Bangladesh-Nepal energy cooperation; the horizon of new possibilities
Bangladesh-Nepal bilateral relationship found new pace in August 2018 with the signing of an energy cooperation agreement to oversee investment, development and trade in hydroelectricity between the two countries. Under this arrangement, Bangladesh will import up to 9,000 MW of hydropower from Nepal by 2040.
The agreement also set up a Joint Working Group (JWG) to facilitate cooperation and a Joint Steering Committee (JSC) to review the progress of the JWG. The two committees are tasked to meet regularly and expedite the implementation of the agreement. The JSC has met twice, and the JWG has conducted several rounds of deliberations. However, the progress has not made headway due to delay in signing a tripartite agreement that includes India.
Bangladesh, with an average GDP growth rate of around 7.5% in the last decade, has positioned itself as one of the fastest-growing economies in the world. The aspiration of elevating its stature to a high-income country by 2041 should be coupled with sustained production of energy to feed the ever-growing energy demand from the infrastructure and industrial sector. Since non-renewable natural gas is contributing 75 per cent of its total fuel consumption, Bangladesh is in haste to replace this scenario by importing energy from other countries so that the depleting gas reserve can be slowed.
There are several reasons for Bangladesh’s interest in importing power from Nepal. The first is obviously to meet the ever-increasing demand to support its industrial growth. The second is to diversify the power-mix so that over-reliance on natural gas is minimised. Studies have shown that Bangladesh has ample reserves of high-quality coal. However, Bangladesh’s recent inclination to massively expand its coal-based power plants is not equally welcomed by environmentalists and concerned citizens groups. Moreover, environmental and resettlement issues have surfaced, prompting the government to shift its focus on renewable energies.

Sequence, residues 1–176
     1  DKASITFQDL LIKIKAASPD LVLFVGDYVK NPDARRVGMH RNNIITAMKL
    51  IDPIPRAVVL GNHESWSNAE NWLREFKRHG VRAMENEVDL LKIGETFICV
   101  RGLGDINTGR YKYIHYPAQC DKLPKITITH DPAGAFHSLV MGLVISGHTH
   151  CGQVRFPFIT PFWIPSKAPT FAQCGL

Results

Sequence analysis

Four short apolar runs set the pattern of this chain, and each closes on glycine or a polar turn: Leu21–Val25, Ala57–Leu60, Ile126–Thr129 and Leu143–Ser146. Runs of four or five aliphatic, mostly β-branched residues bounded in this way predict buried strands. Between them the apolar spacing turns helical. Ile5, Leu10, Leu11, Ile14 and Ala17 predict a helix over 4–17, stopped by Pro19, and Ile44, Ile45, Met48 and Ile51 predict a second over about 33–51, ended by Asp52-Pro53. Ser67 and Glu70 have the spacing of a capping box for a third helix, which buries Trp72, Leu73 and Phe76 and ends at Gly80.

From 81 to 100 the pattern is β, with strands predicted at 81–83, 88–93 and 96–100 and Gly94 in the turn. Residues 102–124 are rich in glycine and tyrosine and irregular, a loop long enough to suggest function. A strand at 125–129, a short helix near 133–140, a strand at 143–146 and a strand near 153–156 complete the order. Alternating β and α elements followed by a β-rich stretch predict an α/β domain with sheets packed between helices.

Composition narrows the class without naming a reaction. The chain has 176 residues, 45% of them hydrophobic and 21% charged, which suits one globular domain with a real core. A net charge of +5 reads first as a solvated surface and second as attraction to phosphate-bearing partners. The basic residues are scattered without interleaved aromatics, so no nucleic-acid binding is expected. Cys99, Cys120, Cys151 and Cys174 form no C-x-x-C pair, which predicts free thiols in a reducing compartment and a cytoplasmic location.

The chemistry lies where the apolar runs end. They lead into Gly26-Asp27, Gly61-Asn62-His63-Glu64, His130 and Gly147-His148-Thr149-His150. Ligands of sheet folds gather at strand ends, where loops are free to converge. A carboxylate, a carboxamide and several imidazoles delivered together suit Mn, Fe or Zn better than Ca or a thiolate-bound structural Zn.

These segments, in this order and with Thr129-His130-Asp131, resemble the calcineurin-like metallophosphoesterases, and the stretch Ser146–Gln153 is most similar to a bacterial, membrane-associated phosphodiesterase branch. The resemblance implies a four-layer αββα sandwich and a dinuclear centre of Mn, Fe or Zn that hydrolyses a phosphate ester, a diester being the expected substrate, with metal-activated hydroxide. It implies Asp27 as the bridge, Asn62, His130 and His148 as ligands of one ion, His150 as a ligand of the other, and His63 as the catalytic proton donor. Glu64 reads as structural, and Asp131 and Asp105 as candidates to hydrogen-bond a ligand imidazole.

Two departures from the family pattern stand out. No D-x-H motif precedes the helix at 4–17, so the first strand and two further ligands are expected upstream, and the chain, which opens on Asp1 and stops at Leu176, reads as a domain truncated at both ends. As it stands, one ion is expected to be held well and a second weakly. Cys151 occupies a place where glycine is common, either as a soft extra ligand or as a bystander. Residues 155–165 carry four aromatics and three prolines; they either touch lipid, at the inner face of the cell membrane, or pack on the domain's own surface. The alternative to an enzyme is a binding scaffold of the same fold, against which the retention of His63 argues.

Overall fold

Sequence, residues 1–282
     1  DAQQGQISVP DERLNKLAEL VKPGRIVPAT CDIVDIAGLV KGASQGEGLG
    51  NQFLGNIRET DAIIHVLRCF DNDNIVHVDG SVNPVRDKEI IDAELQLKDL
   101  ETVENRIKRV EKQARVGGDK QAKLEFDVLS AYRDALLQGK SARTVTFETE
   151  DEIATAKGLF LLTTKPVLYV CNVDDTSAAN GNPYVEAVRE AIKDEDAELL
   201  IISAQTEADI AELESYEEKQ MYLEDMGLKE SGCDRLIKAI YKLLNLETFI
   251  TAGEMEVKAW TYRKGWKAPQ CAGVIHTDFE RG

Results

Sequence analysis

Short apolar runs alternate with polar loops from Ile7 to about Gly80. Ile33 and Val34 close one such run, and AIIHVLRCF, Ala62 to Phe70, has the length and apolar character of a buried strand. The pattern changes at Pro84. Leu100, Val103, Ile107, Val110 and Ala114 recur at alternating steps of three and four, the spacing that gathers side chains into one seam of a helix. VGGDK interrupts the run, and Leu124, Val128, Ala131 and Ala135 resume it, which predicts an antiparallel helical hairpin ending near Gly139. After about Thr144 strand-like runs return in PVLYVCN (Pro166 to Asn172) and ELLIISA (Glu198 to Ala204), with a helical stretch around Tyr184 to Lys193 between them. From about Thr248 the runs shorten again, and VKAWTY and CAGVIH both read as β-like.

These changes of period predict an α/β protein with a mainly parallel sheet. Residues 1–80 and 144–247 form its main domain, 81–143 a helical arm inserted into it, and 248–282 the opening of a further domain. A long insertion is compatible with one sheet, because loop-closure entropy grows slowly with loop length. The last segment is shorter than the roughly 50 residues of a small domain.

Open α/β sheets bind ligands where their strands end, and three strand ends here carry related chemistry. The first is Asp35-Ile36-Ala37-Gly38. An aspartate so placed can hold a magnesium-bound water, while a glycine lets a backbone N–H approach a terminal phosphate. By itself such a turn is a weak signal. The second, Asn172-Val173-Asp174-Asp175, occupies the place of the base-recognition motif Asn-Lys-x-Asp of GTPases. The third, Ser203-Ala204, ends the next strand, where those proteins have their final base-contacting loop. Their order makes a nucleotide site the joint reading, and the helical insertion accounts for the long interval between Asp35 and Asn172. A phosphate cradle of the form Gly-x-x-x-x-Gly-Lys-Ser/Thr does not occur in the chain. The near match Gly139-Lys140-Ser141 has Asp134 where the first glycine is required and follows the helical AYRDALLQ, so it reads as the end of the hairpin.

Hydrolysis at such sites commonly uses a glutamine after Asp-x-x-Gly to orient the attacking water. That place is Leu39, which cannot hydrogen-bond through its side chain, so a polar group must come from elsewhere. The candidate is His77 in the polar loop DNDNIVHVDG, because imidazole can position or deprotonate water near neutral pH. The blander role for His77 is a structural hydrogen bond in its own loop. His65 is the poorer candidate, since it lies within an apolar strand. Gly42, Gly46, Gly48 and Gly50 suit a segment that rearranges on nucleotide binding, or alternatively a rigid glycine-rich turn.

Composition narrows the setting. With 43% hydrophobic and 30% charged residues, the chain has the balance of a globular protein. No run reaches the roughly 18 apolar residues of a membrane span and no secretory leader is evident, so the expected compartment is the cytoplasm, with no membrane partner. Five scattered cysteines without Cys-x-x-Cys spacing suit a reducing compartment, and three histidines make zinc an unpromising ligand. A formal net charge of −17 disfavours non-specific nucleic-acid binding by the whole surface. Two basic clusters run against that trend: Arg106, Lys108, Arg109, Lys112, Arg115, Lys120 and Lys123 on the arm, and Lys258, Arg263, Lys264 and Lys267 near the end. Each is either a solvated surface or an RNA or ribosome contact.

While the eroding stock of natural gas, which is mostly used for electricity generation in Bangladesh, puts pressure on the price of electricity due to the variable input cost, economists see a reliable supply of hydropower from Nepal. Moreover, being a strategic product, electricity import from multifarious sources would strengthen Bangladesh’s regional outlook by minimising its over-dependence on a specific entity. In this way, power purchase from Nepal would offer some additional economic and strategic incentives to Bangladesh, on top of providing a cushion for energy reliability.
Nepal, on the other hand, despite possessing technically and economically feasible 40,000 MW of hydroelectricity potential, has not been successful in harnessing the possibility. Having passed the period of intermittent power outages for long hours, the narrative of Nepal’s era of darkness has now become a thing of the past. Cross-border electricity trade has played a dominant role in this success story.
The other important aspect for Nepal to consider is the economic value of the export. The export basket of Nepal constitutes mainly agricultural and raw products of low value, and the total export cannot even support the import of petroleum products. While its neighbour India exports 13.7% of GDP and Bangladesh 16.6% of GDP, Nepal’s export is merely 8.6% of GDP with a whopping trade deficit of 38.1% of GDP. Despite the implementation of numerous policy measures by the government, including NTIS 2016, and cash incentives based on value-addition, exports have remained almost the same in the last decade.